A lone engineer stands at the city gate. She built a subway station here three years ago on a sunny day. On this dark, foggy night, she wishes her flashlight shone brighter, her map was up to date and that the neon signs of Ginza weren’t powered by a frozen yogurt stand ten miles away.
If you’re in production, product or some other non-tech discipline, you’ve probably found yourself face-to-face with a supposedly smart and experienced engineer saying they’re unable to tell you how long it’ll take to build your next feature. Maybe they asked for a day or five to think about it. Perhaps they even said they wouldn’t be able to provide a responsible estimate until work is already underway, essentially leaving you with a dice roll and hoping for a triple natural 20.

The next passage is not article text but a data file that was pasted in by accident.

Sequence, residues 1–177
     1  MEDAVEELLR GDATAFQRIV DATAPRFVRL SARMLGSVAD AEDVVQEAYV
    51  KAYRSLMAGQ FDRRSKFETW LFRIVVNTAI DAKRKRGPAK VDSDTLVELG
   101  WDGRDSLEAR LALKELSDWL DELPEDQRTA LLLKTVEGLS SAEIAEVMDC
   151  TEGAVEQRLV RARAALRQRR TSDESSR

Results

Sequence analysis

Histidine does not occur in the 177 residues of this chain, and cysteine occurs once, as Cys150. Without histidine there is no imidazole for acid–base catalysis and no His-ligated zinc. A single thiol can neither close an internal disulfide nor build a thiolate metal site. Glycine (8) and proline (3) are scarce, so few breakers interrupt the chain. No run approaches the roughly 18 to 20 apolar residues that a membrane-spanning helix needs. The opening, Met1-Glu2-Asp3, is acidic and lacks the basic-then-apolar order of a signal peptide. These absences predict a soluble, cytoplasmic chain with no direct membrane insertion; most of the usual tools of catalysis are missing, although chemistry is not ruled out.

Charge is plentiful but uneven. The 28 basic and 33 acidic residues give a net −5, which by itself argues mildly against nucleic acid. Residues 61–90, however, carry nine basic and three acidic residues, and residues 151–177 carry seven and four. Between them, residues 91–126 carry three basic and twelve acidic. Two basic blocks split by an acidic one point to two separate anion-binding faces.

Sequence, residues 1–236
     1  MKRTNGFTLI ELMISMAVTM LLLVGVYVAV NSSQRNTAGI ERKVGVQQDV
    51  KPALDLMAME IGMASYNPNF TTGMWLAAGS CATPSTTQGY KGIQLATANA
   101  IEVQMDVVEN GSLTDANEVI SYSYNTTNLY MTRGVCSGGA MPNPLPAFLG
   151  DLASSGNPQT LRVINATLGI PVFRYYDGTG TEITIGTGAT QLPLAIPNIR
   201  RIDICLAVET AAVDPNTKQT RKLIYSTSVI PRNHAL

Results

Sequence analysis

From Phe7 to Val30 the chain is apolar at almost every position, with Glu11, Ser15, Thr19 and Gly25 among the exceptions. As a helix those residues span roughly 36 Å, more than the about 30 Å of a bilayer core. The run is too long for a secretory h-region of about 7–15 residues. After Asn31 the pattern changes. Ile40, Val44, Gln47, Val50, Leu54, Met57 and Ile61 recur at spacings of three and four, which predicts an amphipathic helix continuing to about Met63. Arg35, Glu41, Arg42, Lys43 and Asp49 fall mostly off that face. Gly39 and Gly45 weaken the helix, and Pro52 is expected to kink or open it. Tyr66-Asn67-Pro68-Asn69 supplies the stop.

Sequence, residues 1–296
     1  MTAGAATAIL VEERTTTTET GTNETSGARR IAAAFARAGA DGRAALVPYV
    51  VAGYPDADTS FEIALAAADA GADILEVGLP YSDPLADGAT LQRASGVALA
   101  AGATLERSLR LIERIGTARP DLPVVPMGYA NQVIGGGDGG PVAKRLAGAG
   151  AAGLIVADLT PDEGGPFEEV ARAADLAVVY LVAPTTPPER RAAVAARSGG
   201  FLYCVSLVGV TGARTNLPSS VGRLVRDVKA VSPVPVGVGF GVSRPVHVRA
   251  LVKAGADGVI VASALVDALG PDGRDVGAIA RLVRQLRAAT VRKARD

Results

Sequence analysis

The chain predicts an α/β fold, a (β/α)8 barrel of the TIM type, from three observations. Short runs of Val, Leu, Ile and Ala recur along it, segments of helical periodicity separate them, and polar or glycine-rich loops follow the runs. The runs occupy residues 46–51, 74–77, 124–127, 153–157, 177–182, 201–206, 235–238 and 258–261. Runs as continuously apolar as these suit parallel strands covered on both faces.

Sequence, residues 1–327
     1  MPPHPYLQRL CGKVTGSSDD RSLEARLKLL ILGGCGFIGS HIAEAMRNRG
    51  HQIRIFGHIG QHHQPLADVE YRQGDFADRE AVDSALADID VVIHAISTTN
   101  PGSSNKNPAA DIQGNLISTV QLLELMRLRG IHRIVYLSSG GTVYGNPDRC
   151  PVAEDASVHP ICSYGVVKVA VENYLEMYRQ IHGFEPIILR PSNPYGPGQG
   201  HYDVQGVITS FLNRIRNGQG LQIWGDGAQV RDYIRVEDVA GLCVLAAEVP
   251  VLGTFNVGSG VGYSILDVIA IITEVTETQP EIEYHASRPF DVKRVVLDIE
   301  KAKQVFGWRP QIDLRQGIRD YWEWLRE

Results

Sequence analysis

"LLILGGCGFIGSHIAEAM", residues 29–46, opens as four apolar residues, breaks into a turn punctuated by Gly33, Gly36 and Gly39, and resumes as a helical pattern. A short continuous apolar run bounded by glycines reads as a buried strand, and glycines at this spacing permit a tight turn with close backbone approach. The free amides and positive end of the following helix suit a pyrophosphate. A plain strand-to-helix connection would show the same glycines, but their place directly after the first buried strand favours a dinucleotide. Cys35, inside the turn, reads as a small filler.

How can a skilled professional appear to know so little about their craft that they can’t tell you the effort involved? Why, when you go to their manager, do you get the same response (presuming they’ve staffed correctly and trust their engineers)?
It always feels contrived coming up with software development analogies based on the real world. In software, we pull invisible things out of thin air and build something real enough for a computer screen. The only resources required are coffee, pizza and the resulting brain power. The output is a system with inherent entanglements not generally present in the physical environment of regular life. No earthly bricks, wood or glass with obvious physics properties; instead you might look to space and see software as a universe filled with virtual worm holes, nuclear pasta and inexplicable gravitational effects.
But that gets weird and probably not any easier to comprehend, so let’s expand on a commonly used analogy instead.